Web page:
What is the story behind the official Olympic Hymn?

The composition has been played at every Games since 1960

Actress Mary Mina, playing the role of the High Priestess, holds the torch during the Paris 2024 flame lighting ceremony in Olympia, Greece. Getty Images
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The theme tune for this summer's Paris Olympics has been revealed, though it falls flat compared to the Games' official anthem.

Olympic Hymn was played for the first time at the inaugural Olympics in Athens in 1895 and the stirring piece has been heard at every Games since 1960. It is played during the opening and closing ceremonies when the Olympic flag is hoisted and then lowered.

Composed by Victor Le Manse and recorded with the Orchestre National de France, the 2024 theme tune, Parade, is an uplifting symphonic piece that will be heard at venues throughout the international multi-sport event this summer.

But Olympic Hymn is the song that has a longer-lasting connection to the Games. Here is what you need to know about the enduring anthem.

A song for humanity

In the months leading up to the 1895 summer Olympic Games, the International Olympic Committee (IOC) contacted Greek composer Spyridon Samaras to compose the official anthem.

In his mid-thirties at the time, Samaras had already established himself as a rising star of classical music, with lush Italian operas such as the Flora Mirabilis in 1886 and Lionella in 1891 premièring in Milan's Teatro alla Scala.

With further productions set to tour across Europe, Samaras was not exactly jumping through hoops about the prospect of composing the official anthem of the first modern Olympic Games in Athens.

However, national pride gave way and Samaras took the opportunity to soundtrack was one of the largest sporting events in the world, with 14 nations and nearly 200 athletes taking part.

Inaugural IOC president Demetrius Vikelas demanded an epic composition symbolising the universal and dramatic appeal of sportsmanship. He wanted something big and bold – and Samaras obliged with a piece requiring nine philharmonic orchestras and 250 singers to be performed live during the opening ceremony.

The composition follows a framework similar to national anthems or hymns, with the music repeated through different verses.

The ascending melodies, particularly the yearning strings and woodwinds in the verses, are easy on the ear and conjure feelings of empathy and nobility. After a faint and reflective interlude, a robust and brassy chorus arrives to emphasise the celebratory nature of the Olympics.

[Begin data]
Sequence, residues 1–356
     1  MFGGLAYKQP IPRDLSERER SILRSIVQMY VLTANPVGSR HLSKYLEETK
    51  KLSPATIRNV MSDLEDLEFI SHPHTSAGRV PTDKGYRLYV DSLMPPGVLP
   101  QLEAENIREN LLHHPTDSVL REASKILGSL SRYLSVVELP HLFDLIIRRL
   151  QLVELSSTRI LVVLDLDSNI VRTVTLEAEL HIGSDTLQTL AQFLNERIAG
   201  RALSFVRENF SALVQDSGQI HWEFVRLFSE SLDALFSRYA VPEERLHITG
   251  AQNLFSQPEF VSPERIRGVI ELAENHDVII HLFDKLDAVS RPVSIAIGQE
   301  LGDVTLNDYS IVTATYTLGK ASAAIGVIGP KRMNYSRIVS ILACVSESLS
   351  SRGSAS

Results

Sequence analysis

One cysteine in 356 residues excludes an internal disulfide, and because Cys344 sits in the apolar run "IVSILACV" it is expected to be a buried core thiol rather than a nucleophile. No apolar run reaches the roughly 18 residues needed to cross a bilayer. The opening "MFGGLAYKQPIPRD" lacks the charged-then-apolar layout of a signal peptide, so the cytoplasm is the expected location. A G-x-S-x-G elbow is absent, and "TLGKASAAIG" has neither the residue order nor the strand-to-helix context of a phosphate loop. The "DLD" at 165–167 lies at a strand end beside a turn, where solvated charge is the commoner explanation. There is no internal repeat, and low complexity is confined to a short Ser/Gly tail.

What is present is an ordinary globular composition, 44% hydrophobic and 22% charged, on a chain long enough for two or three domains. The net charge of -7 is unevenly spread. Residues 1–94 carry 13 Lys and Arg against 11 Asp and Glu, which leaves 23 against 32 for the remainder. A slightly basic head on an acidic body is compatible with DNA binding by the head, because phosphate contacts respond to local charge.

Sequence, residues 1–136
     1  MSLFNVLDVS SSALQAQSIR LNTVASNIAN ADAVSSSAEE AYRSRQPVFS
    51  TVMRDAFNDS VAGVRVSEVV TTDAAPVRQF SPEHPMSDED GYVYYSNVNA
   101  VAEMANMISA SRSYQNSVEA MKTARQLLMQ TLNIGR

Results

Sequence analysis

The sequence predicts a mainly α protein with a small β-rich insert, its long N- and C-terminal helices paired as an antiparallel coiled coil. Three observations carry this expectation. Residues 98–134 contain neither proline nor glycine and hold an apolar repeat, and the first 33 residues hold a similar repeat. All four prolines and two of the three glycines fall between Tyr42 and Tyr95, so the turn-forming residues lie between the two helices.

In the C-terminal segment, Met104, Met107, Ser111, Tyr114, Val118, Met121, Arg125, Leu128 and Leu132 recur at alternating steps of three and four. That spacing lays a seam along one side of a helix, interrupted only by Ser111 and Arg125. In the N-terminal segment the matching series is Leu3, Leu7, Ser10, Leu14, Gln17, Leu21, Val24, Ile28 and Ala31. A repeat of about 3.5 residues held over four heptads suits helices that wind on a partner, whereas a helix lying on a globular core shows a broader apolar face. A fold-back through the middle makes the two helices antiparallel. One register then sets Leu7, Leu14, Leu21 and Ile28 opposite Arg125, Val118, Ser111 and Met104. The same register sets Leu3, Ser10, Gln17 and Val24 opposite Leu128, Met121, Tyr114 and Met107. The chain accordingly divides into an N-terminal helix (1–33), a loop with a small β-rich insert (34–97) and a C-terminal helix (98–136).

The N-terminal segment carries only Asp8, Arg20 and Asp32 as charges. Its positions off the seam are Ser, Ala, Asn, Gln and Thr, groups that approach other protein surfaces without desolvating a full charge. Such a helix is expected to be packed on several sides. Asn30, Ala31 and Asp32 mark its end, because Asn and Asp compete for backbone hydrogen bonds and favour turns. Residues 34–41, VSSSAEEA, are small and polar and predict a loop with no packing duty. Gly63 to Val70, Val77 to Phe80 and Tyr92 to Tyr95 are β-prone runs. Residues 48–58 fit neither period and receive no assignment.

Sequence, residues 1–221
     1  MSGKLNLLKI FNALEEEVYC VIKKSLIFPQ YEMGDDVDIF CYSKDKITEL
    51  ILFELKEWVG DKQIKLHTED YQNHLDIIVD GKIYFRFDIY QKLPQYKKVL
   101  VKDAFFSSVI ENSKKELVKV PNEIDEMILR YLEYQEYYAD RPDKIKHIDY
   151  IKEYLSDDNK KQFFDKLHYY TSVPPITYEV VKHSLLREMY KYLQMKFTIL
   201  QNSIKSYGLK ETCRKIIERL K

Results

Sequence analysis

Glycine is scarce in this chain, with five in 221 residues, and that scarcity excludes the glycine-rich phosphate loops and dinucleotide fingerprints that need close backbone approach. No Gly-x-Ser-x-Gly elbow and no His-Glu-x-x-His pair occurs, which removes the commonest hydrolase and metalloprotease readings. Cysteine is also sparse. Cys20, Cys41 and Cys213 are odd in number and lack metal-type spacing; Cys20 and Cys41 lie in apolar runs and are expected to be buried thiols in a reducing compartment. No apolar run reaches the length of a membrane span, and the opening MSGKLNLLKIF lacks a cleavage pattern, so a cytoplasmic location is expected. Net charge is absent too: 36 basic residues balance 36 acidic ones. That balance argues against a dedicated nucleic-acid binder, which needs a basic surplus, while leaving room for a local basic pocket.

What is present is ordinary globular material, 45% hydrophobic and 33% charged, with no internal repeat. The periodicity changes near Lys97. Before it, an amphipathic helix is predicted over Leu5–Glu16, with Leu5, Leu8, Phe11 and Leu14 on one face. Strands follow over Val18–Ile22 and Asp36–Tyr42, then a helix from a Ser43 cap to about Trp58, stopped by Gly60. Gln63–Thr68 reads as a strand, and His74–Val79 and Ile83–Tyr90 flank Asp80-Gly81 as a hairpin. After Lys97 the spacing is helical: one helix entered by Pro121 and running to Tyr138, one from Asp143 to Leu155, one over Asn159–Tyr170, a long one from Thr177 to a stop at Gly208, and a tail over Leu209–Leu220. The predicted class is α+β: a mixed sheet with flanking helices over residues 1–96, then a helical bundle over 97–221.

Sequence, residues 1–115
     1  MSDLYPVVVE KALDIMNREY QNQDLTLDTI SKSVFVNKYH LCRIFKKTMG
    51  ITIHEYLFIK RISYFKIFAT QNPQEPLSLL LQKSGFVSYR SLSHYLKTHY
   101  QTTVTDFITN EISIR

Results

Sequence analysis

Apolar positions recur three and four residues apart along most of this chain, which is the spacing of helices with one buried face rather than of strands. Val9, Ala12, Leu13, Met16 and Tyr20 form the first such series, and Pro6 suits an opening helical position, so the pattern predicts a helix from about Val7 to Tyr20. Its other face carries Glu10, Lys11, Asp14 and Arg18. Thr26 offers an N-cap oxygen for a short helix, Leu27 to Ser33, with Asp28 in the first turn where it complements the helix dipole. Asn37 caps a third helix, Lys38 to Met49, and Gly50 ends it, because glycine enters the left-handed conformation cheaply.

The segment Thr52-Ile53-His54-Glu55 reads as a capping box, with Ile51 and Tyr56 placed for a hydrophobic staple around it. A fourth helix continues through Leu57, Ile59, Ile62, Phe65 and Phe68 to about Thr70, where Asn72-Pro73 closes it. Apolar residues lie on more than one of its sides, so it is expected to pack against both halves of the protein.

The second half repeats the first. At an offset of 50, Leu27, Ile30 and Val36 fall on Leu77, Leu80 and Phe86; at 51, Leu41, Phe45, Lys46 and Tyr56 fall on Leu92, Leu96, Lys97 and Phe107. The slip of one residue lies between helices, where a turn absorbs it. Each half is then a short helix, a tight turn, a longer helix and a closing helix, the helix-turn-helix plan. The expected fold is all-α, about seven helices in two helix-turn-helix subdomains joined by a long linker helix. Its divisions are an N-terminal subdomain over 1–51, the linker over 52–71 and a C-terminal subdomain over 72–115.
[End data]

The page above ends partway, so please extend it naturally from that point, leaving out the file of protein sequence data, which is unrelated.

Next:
The concluding coda ties up the main melodic themes while ultimately projecting the humanistic message of the Games.

An ode to valour

Pairing the words to the melodies was Kostis Palamas, the influential poet and essayist renowned for moving Greek literature away from its purists roots to embrace a modern prose.

Drawing upon the values of classical Greek philosophy and the ancient past of the Games, the Olympic Hymn urges competitors to rise to the challenge.

“O Ancient immortal spirit, pure father of beauty, of greatness and of truth. Descend, reveal yourself and flash like lightning here, within the glory of your own earth and sky,” the lyrics read. “At running and at wrestling and at throwing, shine in the momentum of noble contests. And crown with the unfading branch and make the body worthy and ironlike.”

The work ends with a salute to the athletes, stating their heroics are followed and witnessed by all: “plains, mountains and seas glow with you, like a white-and-purple great temple. And hurries at the temple here, your pilgrim. O’ ancient immortal spirit, every nation.”

The resurgence of the Olympic anthem

The performance of the Olympic Hymn appeared to be a one-off event as future host nations like London, Stockholm and Melbourne went on to use their own compositions. Sometimes, as in the case of the 1900 summer Olympics in Paris, there was no anthem at all.

It took more than 60 years for the work of Samaras and Palamas to re-emerge as part of the opening of the 1958 IOC Session, the sporting body's annual general meeting, in Tokyo.

According to the official Olympics website, then IOC member Prince Axel of Denmark was so taken by the work that he officially proposed: “Let us return to this paean rather than what was composed recently, and which the majority of the members do not like.”

With the motion carried unanimously, the Olympic Hymn returned as part of the 1960 winter Games in the US city of Palisades Tahoe, followed by the summer Games in Rome six months later.

The anthem was then played without interruption at all subsequent summer and winter Games. There was a new version at each, with lyrics often sung in the language of the host nation, translated from the song’s original Greek text.

In the ensuing six decades, the Olympic Hymn has been performed in many languages including English, Japanese, French, Russian and Norwegian by opening ceremony performers ranging from Japanese high school students, Chinese children's choirs and Russian soprano Anna Netrebko.

Rescued from the dustbin of history, the Olympic Hymn has gone on to be an anthem for all sporting seasons.

Updated: May 18, 2024, 6:30 AM